How to Use Suspense and Tension to Make Your Novel Insanely Addicting

Have you ever been so hooked by a story that you couldn’t stop turning the pages, even into the wee hours of the night?


And have you ever been so bored by a book that you put it down for days, weeks, years… or even forever???


Yeah, me too, to both of those.

What made these books so different?

There are reasons books fall flat, differing from book to book. But today, I’m going to show you a core element of story that keeps a reader glued to the page with baited breath to see what happens next: suspense and tension.


First, let’s define what these are, separate from one another.

Tension is the feeling of intensity that comes from conflict, whether that be internal, external, or a mix of both.

You know that stomach-tightening feeling you get as you rush through pages, barely breathing? That’s tension.

Some of my favourite stories with examples of great tension are the book In 27 Days, the movie Inception, and the movie The Dark Knight Rises. These stories all left you on the edge of your seat, wild to know what would happen next.


(Funny thing: these are also my favourite examples of suspense. Maybe a case study or two are in order? 😜)


Suspense is uncertainty; essentially, something is held in front of you – suspended – and it’s only partway through its action.

The great thing about suspense is that you can have multiple things suspended at the same time. It can truly create a gripping story.

In the book In 27 Days, suspense was wondering will Hadley stop Archer from dying? There were more things than that going on in the book, but that was the main plot question left suspended for the whole book. It got introduced, then left to hang – and left readers to hang with it.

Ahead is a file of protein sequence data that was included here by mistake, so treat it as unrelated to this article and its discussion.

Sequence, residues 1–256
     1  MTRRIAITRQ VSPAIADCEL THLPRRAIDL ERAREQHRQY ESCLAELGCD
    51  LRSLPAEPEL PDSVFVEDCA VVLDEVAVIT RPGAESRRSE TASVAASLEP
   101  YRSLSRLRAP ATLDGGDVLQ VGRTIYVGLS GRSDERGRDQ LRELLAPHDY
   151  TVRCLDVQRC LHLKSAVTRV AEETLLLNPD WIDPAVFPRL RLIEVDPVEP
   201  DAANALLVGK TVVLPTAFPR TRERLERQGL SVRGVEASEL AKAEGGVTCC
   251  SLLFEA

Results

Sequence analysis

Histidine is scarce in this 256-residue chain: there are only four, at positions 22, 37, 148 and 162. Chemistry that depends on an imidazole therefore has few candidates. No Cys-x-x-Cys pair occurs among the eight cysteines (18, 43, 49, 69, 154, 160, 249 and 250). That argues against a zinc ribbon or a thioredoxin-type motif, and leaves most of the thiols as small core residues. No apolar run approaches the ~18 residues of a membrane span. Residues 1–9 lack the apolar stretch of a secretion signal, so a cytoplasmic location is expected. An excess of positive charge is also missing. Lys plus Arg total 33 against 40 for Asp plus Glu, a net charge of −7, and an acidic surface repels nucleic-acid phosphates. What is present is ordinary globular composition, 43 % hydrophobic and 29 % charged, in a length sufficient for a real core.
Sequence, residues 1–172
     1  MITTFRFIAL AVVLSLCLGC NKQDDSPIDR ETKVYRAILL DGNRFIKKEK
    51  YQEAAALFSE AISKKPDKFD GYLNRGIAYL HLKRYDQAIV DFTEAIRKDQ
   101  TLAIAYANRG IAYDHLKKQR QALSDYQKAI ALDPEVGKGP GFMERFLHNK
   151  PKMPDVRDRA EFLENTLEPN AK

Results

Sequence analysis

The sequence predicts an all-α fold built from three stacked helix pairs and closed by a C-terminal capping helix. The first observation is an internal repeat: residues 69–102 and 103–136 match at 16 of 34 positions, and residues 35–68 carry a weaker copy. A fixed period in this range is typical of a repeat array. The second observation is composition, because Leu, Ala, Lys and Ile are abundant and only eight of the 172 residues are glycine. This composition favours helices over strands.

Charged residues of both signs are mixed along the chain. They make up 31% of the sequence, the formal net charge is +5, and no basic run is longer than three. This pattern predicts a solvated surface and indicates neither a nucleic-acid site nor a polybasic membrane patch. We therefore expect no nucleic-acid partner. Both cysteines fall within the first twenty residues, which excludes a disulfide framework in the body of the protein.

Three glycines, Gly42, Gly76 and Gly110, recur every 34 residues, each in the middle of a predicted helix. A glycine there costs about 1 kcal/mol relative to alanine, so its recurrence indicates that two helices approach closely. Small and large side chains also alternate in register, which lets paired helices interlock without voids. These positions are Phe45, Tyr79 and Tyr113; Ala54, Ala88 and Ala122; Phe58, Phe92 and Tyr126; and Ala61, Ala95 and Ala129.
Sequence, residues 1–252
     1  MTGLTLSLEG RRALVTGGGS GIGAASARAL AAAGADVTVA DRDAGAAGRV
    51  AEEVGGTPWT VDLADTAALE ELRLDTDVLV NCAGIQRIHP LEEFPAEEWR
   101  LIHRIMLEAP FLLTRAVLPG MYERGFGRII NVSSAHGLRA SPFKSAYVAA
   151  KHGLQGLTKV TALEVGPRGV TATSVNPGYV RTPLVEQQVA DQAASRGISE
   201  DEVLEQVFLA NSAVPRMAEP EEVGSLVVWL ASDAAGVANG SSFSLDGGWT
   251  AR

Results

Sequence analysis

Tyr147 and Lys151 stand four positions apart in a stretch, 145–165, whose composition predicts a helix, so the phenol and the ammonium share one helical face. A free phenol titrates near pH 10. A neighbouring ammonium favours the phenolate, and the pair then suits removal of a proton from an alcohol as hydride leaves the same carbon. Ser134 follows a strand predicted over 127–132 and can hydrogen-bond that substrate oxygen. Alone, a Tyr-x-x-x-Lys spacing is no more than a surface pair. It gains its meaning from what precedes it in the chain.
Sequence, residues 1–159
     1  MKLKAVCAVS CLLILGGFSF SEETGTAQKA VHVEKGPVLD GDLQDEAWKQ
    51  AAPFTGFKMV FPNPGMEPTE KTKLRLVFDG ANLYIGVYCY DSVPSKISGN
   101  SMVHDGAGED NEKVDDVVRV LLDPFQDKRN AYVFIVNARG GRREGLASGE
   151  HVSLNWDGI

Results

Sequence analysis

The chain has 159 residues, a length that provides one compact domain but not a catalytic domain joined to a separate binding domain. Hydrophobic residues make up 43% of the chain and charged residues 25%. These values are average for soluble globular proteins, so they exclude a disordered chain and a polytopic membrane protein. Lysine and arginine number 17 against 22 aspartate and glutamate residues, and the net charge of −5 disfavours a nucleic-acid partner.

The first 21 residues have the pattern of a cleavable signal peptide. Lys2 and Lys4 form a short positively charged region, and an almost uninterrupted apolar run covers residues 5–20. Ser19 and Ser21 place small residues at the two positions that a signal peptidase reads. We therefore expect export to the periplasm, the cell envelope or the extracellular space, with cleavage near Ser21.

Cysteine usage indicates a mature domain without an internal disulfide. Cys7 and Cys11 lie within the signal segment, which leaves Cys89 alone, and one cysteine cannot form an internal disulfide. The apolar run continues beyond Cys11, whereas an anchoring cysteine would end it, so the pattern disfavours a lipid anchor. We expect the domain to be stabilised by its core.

Suspense + Tension

Suspense walks hand-in-hand with tension. I mean, you can have just one, but really, neither is complete without the other.

Picture it like this:

Suspense is an arc. It begins, building with conflict, and then, at its peak-

You stop revealing stuff.

Source | The reader’s reaction…

The reader is desperate to know what happens next, and you amp up the tension with conflict… and then you finish the suspense arc by revealing what the reader wanted to know.

And, as soon as this arc touches down, you start up a new one.

There should always be suspense in a story. Always. Something should always be up in the air, hanging suspended before the reader and tantalizing them. Without this to chase, the story won’t feel like it’s moving. Without these reasons, the tension will seem pointless.


Does this seem like it’s a little out of place in this post?

Well, I’ve got news for you, my friend:

Character is never out of place when it comes to any element of story.

And suspense and tension don’t work without it.


Character drives story; internal conflict drives character. A character’s Ghost drives internal conflict. A reader sees the story through the eyes of the character; therefore, what matters to the character – their desires, their fears (aka conflict), the pain of their past (their Ghost) – matters to the reader.

Did you notice something on that list?


And what is tension?

The feeling of intensity that comes from conflict.

Now, if tension – conflict – builds upon suspense to amp it up, what do you think suspense began as?